It's taken a while, but SVG is now widely supported across all major browsers and devices. SVG files are super small, searchable, modifiable – via code – and scalable. They look great at all sizes and can be used just like images or inline right in your HTML.

If you're still using PNGs for logos, icons and interactive elements on your site, it's about time that you got with the programme and switched up to SVG. Here's everything you need to know about introducing some vector love into your designs.

Why use SVG?

SVG on the web: Raster vs vector

Raster images look good at their original size, but vectors scale up perfectly

When it comes to logos, icons, interface elements and vector-based artwork that you'd like to look crisp, animate or make responsive, there are plenty of reasons to use SVG.

Pixel-perfect scaling
Using PNGs or rasterised images means you are restricted to pixels. It also means you are likely to have multiple images for various retina devices or resolutions. SVG is not affected by resolution or whether or not you have a retina display. SVG images scale and always look perfect because they are drawn with code, not pixels. 

Modifiable
SVG can be animated and styled with CSS. You can change colours, sizes, fonts and so much more. Elements within the SVG can be responsive as well to use interaction. Animations that you use on HTML elements can also be used on SVG elements.

Small file size
PNGs can get large very quickly, especially when you need high-definition. The larger the file size, the longer it takes to load and to render. JPGs are better but also large. That means slower sites. SVG is just code, which means very small file sizes. Use it for icons, logos and anything that can be created as vector art.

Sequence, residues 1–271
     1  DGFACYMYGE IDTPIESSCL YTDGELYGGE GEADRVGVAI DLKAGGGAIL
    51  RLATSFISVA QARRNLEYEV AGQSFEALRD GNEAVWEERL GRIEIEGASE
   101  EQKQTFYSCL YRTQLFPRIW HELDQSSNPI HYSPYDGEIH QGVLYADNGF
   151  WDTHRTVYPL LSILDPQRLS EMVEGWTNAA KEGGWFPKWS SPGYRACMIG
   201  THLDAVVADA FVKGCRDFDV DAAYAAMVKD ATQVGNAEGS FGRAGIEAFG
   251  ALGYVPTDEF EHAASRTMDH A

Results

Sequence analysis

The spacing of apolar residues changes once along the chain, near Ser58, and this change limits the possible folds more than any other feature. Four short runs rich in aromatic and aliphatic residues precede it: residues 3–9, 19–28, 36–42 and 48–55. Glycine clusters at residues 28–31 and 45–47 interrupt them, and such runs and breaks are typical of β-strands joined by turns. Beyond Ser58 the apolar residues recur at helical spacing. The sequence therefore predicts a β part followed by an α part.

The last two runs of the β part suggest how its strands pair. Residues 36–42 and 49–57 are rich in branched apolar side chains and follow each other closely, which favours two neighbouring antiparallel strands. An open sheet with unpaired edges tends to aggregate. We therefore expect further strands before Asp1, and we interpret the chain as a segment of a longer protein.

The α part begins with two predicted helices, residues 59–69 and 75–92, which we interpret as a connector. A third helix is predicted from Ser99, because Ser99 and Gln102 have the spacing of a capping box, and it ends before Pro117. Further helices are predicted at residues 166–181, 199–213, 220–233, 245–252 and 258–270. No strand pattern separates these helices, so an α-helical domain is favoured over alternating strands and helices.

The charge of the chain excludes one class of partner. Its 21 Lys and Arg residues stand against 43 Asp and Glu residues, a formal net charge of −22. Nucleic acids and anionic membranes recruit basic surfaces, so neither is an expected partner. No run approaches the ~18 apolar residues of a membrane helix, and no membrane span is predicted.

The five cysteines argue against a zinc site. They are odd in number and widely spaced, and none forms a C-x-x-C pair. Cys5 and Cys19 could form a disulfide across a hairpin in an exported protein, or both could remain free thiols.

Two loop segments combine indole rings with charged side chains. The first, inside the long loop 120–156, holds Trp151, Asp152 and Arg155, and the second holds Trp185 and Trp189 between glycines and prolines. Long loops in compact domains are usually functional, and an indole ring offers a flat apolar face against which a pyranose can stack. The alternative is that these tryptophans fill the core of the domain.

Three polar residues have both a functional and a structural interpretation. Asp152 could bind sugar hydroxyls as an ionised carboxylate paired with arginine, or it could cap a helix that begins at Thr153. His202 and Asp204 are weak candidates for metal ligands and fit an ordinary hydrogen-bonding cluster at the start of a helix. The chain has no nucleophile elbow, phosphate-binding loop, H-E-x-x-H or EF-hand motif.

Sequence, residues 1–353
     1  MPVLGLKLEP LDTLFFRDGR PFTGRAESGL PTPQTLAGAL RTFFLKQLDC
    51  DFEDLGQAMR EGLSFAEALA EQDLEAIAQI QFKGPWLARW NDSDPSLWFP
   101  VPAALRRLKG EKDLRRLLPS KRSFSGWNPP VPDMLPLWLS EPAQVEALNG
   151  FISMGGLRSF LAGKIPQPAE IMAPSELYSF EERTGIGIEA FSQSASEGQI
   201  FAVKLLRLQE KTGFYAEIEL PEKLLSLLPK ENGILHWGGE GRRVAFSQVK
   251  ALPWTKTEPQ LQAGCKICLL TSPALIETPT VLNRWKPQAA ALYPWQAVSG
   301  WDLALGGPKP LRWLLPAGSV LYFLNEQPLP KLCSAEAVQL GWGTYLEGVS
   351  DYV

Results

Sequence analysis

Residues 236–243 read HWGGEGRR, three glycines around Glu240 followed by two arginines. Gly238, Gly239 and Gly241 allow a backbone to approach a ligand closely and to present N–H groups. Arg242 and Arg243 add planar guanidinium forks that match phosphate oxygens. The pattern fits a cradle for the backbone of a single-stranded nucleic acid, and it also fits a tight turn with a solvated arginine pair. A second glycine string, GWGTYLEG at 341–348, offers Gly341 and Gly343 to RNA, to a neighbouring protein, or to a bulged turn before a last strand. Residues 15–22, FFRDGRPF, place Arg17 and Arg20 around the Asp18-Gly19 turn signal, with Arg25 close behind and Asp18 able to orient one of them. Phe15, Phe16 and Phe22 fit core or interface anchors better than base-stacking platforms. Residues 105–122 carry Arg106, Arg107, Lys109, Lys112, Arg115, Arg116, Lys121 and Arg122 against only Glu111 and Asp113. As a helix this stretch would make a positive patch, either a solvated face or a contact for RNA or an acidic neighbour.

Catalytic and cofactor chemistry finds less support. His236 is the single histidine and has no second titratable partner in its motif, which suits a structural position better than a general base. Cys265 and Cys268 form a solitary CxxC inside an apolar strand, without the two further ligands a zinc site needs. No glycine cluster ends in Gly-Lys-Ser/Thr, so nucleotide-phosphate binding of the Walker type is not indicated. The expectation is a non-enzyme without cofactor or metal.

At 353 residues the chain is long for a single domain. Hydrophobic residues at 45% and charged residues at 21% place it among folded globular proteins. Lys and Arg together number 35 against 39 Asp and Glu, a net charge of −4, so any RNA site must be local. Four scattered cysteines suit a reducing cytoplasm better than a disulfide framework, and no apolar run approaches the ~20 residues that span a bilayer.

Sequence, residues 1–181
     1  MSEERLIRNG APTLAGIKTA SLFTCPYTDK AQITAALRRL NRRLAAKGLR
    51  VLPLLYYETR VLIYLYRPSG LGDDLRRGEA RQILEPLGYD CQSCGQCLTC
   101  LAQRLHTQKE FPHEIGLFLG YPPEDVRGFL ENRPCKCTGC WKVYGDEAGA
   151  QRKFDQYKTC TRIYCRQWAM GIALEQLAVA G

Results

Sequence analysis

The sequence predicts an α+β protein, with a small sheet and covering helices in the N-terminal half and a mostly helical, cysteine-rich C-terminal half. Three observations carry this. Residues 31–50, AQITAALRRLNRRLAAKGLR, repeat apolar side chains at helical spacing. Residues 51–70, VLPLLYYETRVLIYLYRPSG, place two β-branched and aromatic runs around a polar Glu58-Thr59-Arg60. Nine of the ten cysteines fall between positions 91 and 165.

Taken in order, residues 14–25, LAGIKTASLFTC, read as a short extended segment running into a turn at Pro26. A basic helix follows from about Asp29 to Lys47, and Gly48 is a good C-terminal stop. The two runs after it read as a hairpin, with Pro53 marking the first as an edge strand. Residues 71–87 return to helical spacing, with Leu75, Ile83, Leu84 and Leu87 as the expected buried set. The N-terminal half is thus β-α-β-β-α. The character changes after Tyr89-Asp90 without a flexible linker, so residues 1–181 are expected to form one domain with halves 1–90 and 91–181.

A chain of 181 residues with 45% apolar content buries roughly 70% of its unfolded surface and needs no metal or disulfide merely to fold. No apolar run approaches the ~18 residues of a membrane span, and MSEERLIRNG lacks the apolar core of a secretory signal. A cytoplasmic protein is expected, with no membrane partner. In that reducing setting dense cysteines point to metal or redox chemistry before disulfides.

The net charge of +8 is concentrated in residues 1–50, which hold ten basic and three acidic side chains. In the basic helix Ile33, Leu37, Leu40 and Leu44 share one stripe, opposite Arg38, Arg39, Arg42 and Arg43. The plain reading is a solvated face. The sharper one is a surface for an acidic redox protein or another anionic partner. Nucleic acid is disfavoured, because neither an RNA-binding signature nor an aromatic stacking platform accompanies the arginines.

Accessibility
SVG files are text-based and can be searched and indexed. This makes them readable by screen readers, search engines and other devices. Each element within the SVG is also accessible for search and manipulation.

What is SVG used for?

SVG is heavily underused, partly because it took a long time to achieve widespread support across browsers. If you need fast, responsive experiences, SVG can make dramatic improvements to your site. There are plenty of great use cases for SVG, such as:

Logos and icons
Logos and icons often share a need to be clear and sharp at any size. Whether it's a simple button or a large, screen-filling billboard, you want the quality consistent and crisp. SVG enables precise control of every shape, line and element. SVG icons and logos are more accessible, which means they're easier to position and manipulate in real-time.

Charts, graphs and infographics
SVG can be updated dynamically to plot data based on user actions or other data-driven events. This makes SVG perfect for things like interactive maps or graphics that illustrate data.

Visual effects
Many real-time visual effects can be created using SVG, including shape morphing and transitioning from one shape to another. You can transform letters into shapes, logos into other logos and much more.

Animations
SVG can work with CSS animations, so you don't have to learn new animation skills. SVG can also use its own built-in SMIL animation ability, which is even more robust if you want to make really creative results.

Traditional drawings and illustrations
Many traditional illustrations translate really well to SVG, provided they are not overly complex. Sketches and diagrams to explain features of a product or illustrate a concept can work very well.

Interfaces and applications
SVG is ideal for complex interfaces that can be integrated with web-based applications and rich internet applications (RIAs). They are lightweight, easy to animate, and each element can capture user interaction events.

Next page: Working with SVG